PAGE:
This post is specifically targeted at Three-Years-Ago Me. Three-Years-Ago Me had recently discovered the true extent of her partner’s gaming hobby and had decided that she would be totally cool and reasonable about it. Little did she know, she was not yet past the Bargaining Stage of the gamer/non-gamer relationship and she felt that her being totally cool and reasonable meant that he owed her big time later on. Payment was accepted in the form of watching chick flicks and giving hugs on demand.
Oh, silly Three-Years-Ago Me. It was only later on that I realised that there is a difference between me putting up with him gaming and me actually being supportive of his hobby. Where I thought I was being reasonable and accepting, I was really just continually biting my tongue, laying on the guilt trips, occasionally losing my patience when I felt I had tolerated enough, and all the while, never actually accepting his hobby at all.
I don’t want to discount the fact that even putting up with a partner’s hobby can be a big step for many people in relationships with gamers, particularly for non-gamers who are new to the quirks of the gaming lifestyle. But acceptance is more of a continuum – while “putting up with his gaming” is a fair way away from “console-destroying psycho girlfriend“, but that next level of “blissful understanding and acceptance” is a much more pleasant way to live.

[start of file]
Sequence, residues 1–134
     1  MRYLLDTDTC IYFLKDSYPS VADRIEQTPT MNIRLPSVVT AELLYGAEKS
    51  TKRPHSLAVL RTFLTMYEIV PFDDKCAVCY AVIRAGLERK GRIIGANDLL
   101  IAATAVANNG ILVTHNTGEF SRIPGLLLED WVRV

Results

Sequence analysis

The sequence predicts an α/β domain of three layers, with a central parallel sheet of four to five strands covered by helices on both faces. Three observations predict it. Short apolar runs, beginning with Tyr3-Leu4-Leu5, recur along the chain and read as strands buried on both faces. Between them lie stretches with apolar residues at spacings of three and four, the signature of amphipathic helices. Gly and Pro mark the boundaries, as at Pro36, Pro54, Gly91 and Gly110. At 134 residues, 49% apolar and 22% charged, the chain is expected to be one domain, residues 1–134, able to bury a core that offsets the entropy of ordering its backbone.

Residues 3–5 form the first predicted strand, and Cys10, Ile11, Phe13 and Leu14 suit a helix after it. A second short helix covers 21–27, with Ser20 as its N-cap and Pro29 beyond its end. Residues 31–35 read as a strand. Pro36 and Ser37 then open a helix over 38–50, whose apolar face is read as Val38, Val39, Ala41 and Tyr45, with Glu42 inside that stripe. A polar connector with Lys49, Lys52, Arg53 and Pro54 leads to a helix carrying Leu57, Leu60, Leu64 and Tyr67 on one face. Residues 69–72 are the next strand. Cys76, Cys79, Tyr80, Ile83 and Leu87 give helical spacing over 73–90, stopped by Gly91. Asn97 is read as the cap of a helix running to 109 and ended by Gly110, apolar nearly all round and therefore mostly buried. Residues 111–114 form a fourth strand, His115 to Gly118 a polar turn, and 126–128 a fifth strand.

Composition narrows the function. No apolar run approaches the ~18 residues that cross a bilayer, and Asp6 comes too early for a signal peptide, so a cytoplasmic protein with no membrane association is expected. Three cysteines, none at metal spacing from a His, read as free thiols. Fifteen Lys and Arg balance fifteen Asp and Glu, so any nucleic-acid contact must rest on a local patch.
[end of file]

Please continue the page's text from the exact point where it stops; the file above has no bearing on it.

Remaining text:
Take a moment to think about it from the gamer’s perspective. It’s like when you were a kid and you tried to sneak cartoons in when you were supposed to be doing your homework. While cartoons are awesome and one of your favourite pastimes, you are constantly living in fear that your mum will come in, yell at you for watching and take away your TV privileges. Kinda takes the fun out of it, right? Imagine instead if your mum said “Oh Pumpkin, Power Rangers is starting soon, you don’t want to miss it”. What a joy it would be to be given that guilt-free TV time!
Now, I’m not saying that you have to be okay with it all the time. There are still plenty of days where I think my gamer should really be doing something else, and I tell him (nicely, of course). These kinds of relationships still work both ways and rely on both the gamers and the non gamers to be reasonable. But, on those other days where the world will definitely not come crashing down if your partner simply plays a game or two, just let them be, and throw in a simple “good luck, have fun!” for good measure. Or, if they’ve just gotten home from work after a tough day, perhaps suggest that they chill and enjoy their video games for a bit. Let them play, with your blessing. They’ll appreciate it.